The American decline in driving actually began way earlier than you think
I mentioned last week that car travel in America appears to have peaked backed in 2004. Since then, “vehicle miles traveled” per person in the U.S. have been falling or flat-lining, prompting a fascinating debate over whether we’re witnessing some fundamental shift in the American relationship to the car, or some economic blip instead.
Timothy J. Garceau, a Ph.D. candidate in geography at the University of Connecticut, and professors Carol Atkinson-Palombo and Norman Garrick offer a different way to think about the answer. …
Their results further challenge the argument that Americans have merely been driving less of late because of the bad economy: Washington state experienced “peak car travel” all the way back in 1992, and Nevada, Idaho, Kentucky, Oregon, Rhode Island and Virginia all did before the new millennium. By this measure, peak car happened in D.C. in 1996.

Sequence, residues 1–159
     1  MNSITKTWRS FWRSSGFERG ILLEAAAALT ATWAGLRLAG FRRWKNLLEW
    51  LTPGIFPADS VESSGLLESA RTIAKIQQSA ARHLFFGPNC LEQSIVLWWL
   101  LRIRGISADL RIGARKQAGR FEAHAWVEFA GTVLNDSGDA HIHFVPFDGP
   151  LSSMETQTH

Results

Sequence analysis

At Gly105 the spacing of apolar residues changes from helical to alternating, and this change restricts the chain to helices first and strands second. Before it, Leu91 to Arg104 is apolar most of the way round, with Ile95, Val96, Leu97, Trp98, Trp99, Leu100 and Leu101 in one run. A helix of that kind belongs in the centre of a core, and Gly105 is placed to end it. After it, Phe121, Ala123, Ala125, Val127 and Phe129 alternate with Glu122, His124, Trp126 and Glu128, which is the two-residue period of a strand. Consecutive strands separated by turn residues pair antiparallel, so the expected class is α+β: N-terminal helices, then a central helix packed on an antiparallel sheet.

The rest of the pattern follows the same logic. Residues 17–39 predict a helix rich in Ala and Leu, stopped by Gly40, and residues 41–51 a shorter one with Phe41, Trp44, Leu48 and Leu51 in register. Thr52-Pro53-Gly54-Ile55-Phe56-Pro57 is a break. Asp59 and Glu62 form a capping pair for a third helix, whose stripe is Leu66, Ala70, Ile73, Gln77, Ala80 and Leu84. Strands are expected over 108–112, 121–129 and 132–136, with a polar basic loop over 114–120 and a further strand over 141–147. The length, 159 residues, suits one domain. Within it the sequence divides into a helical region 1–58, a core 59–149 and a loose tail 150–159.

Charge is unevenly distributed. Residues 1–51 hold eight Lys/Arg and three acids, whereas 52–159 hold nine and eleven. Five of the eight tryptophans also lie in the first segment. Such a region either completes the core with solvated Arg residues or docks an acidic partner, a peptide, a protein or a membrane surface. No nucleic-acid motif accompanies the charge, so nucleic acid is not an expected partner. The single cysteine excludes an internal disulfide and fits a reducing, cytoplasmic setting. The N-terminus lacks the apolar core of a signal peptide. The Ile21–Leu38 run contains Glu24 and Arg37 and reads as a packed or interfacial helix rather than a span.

“The longevity of this phenomenon at the state level,” the researchers write, “provides evidence that peak car travel in the U.S. is a more permanent phenomenon than previously thought.”
By 2011, the last year for which they gathered data, 48 of 50 states had peaked in miles traveled per capita. The two outliers: Alabama and North Dakota, where an energy boom has made the state a national exception on many fronts.
Here are the earliest states to experience peak car, starting with Washington in 1992:
An obvious question: Where are the British Columbia data? And given the implications (Yes, Massey Bridge, I’m thinking of you), we had better find out.